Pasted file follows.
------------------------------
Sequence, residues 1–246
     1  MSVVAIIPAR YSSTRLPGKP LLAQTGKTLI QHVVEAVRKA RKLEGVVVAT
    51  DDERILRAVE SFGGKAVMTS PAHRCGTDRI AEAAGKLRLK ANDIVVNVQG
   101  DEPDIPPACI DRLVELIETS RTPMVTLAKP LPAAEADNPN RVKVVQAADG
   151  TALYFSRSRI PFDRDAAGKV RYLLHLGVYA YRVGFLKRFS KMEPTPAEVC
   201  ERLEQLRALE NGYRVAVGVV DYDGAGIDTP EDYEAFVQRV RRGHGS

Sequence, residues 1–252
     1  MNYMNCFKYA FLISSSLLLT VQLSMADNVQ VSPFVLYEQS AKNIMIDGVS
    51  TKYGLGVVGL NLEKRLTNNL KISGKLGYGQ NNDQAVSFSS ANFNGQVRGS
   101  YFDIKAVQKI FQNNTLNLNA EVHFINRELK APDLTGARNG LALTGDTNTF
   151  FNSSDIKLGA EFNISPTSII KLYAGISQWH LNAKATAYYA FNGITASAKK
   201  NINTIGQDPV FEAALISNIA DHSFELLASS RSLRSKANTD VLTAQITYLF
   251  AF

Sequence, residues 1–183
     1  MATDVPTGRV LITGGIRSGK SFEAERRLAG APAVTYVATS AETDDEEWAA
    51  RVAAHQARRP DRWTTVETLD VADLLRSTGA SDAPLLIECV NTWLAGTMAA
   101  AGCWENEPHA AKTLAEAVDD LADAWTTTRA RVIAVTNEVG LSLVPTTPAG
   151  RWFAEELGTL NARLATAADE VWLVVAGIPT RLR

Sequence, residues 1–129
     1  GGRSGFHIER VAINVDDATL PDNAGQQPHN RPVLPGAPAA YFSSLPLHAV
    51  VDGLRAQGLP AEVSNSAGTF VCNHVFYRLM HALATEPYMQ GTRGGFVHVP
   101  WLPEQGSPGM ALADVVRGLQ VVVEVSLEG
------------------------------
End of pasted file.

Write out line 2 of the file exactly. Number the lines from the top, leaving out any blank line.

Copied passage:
     1  MSVVAIIPAR YSSTRLPGKP LLAQTGKTLI QHVVEAVRKA RKLEGVVVAT